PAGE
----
Linda Blair


Linda Blair is influenced by the use of enamel in historic jewellery and loves the way it was used to enhance or mimic precious and semi precious stones.

In her own work, Linda focuses on the use of liquid or industrial enamel. She enjoys the versatility of enamel in adding colour and texture to jewellery and continues to investigate how it can be used to reshape and reform metal both to hide and enhance.

Images: Linda Blair, Marrickville Hoard Rings, 2016. Photo courtesy of the artist; Linda Blair, Necklaces. Photo: Australian Design Centre


What is your 'origin story'?! Where did it all start?
Like a lot of people I came to jewellery from community college courses. From here I had the opportunity to study Jewellery and Object Design at the Design Centre, Enmore. After that it took a while to work out my direction but then I discovered liquid enamel...

Describe the last thing you made?
An enamel brooch based on my cat Lily's markings for my partner's birthday. Although we didn't adopt Lily because she has a marking that looks like a brooch, there must have been some level at which I noticed this! This piece had been on my mind for some time and it was a perfect gift, and perhaps a little weird for anyone else. Having said that we have a dog and two cats all with interesting markings just waiting to be reinterpreted in enamel so it may become a series.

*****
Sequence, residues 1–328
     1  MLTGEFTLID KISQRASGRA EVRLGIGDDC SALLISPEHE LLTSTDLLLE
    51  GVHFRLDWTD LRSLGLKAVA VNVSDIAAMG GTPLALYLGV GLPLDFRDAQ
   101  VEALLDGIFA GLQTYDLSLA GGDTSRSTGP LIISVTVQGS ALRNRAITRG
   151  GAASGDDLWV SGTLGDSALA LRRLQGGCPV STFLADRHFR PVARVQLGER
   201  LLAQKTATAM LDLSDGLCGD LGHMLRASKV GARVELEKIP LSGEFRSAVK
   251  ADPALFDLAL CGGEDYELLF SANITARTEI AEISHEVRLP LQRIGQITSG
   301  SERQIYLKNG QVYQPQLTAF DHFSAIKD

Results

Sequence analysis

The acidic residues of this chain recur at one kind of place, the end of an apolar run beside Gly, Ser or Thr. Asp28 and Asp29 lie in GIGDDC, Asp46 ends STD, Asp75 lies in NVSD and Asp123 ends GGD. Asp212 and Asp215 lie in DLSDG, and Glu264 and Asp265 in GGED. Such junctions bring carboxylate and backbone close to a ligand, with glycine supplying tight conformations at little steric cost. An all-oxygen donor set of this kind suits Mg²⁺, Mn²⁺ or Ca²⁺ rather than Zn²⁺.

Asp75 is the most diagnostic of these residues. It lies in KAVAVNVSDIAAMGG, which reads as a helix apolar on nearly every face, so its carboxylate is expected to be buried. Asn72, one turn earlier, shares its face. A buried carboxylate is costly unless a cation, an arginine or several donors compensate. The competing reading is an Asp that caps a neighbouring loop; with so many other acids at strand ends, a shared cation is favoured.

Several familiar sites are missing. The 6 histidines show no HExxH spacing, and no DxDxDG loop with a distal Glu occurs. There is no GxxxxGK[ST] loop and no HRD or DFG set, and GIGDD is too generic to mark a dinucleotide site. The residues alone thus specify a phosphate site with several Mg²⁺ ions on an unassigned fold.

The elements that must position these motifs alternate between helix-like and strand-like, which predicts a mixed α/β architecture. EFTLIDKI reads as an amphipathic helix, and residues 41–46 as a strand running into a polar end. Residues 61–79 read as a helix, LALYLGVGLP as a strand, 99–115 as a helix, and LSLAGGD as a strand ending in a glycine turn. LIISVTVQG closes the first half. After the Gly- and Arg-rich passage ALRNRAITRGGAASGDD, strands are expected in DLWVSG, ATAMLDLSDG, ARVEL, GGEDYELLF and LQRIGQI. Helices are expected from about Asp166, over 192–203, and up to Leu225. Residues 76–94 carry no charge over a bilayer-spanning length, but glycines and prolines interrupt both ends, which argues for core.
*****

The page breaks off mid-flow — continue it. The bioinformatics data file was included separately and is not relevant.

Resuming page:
Who should we be following on Instagram? Who are your favourite local makers?
Erin keys @erinkeysjeweller Mel Young @unnaturaljeweller Doris Jurzak @studioblumengarten Hip, Hip Decay @hiphipdecay Melanie Ihnen @melihen Bridget Kennedy @bkandco 

Tell us about your dream project ambitions?! 
My dream is to see the Cheapside Hoard jewellery in London and then make a series based on this jewellery. The Cheapside Hoard is a collection of Tudor jewellery that was dug up in the early 20th century. My work is inspired by Tudor jewellery because of the use of enamel. Most of the jewellery you can see from this period is only in paintings so to see some of this work would be amazing. I just have to wait until it is on display again in London in 2018.

What is your favourite spot in Sydney and why? 
The Inner West - it's where I live and where I have my studio so they are probably the two most important things. I also just feel comfortable in there.